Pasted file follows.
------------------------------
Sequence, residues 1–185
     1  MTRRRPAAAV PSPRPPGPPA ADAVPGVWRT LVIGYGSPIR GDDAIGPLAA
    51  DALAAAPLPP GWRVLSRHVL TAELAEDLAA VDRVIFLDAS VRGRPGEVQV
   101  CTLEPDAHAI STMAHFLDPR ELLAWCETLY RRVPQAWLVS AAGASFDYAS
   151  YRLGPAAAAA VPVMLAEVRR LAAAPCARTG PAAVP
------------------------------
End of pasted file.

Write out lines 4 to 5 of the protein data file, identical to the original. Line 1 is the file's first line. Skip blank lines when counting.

   101  CTLEPDAHAI STMAHFLDPR ELLAWCETLY RRVPQAWLVS AAGASFDYAS
   151  YRLGPAAAAA VPVMLAEVRR LAAAPCARTG PAAVP